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The Date of the Gospel of Matthew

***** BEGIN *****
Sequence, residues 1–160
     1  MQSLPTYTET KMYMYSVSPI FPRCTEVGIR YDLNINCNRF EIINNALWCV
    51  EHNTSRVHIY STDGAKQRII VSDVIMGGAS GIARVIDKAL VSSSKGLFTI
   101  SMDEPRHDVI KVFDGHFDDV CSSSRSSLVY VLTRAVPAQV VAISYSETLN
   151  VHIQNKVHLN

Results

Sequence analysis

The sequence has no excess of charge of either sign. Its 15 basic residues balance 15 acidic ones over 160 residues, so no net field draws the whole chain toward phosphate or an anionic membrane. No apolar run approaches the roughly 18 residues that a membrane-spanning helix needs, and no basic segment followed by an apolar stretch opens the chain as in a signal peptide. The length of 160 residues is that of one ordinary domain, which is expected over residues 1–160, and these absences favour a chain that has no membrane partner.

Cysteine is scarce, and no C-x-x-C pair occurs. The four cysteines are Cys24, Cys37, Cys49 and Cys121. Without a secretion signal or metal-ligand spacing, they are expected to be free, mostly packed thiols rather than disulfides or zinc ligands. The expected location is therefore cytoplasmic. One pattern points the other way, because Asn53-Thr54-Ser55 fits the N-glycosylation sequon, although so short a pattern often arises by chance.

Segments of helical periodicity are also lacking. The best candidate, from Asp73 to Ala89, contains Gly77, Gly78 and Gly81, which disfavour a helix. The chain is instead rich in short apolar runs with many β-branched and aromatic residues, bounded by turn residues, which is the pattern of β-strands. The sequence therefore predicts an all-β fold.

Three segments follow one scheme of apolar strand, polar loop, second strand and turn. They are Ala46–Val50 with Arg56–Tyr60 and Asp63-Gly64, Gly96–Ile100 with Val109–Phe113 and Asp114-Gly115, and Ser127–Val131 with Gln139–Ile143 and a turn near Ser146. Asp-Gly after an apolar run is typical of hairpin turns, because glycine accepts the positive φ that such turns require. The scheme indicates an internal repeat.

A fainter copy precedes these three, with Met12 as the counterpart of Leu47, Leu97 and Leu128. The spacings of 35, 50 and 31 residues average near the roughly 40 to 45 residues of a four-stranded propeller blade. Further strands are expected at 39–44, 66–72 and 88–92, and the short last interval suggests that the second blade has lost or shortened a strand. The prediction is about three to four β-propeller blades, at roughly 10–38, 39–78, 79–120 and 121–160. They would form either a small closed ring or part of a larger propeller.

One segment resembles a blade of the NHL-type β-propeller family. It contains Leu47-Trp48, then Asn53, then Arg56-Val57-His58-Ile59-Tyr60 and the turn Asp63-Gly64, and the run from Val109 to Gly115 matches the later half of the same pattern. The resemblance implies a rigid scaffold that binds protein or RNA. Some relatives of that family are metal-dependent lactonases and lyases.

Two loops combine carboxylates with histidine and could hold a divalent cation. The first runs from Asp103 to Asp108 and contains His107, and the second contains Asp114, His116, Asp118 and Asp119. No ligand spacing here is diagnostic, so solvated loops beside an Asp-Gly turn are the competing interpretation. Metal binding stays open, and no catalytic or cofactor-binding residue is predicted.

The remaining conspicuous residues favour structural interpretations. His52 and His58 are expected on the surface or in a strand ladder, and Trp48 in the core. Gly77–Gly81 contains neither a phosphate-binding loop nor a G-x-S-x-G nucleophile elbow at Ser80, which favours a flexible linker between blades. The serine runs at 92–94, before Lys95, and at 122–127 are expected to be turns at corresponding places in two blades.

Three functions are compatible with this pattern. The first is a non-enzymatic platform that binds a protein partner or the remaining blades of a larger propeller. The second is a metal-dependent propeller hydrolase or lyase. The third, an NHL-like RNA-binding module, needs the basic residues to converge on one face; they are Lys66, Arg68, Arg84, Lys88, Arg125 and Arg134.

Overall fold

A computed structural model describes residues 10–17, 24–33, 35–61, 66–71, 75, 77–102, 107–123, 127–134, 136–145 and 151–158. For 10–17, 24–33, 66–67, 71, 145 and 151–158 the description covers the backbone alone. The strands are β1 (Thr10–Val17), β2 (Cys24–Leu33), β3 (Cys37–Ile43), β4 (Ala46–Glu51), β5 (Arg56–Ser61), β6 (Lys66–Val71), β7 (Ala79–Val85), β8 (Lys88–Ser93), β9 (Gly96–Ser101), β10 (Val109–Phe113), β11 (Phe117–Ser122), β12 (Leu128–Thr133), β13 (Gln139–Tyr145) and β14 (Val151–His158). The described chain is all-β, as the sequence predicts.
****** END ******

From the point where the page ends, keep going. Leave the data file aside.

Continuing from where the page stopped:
Over the last several posts, I have been examining the earliest references to the Gospel of Matthew. The probable references to the text from Papias, Ignatius, and the Didache entail that the text cannot be dated later than the beginning of the second century. The text also cannot be dated earlier than the publication of the Gospel of Mark, which is its main source. Mark’s Gospel is commonly dated either shortly before or after the destruction of the temple in 70 CE, though a handful of scholars date it as early as the Caligula crisis around 40 CE (see my posts on the date here and here). The best evidence that Matthew presupposes the destruction of the temple is in the addition of a reference to a king burning down his city in Matthew 27:7 (compare the parable in Matthew 22:1-14/Luke 14:15-25) and Ken Olson offers a strong case for reading this detail in light of 70 CE. Thus, the window for dating Matthew’s Gospel is between 70 and 100 CE. I would lean towards dating it closer to 70 than to 100 as Matthew seems to expect the Son of Man’s return soon after the events that would occur in the generation after Jesus, while Luke writing at a later date may allow for a longer “time of the Gentiles” before the end (cf. Luke 21:24) and avoids the disciples’ question about setting a date when Jesus would re-establish the kingdom of Israel (Acts 1:6-7).

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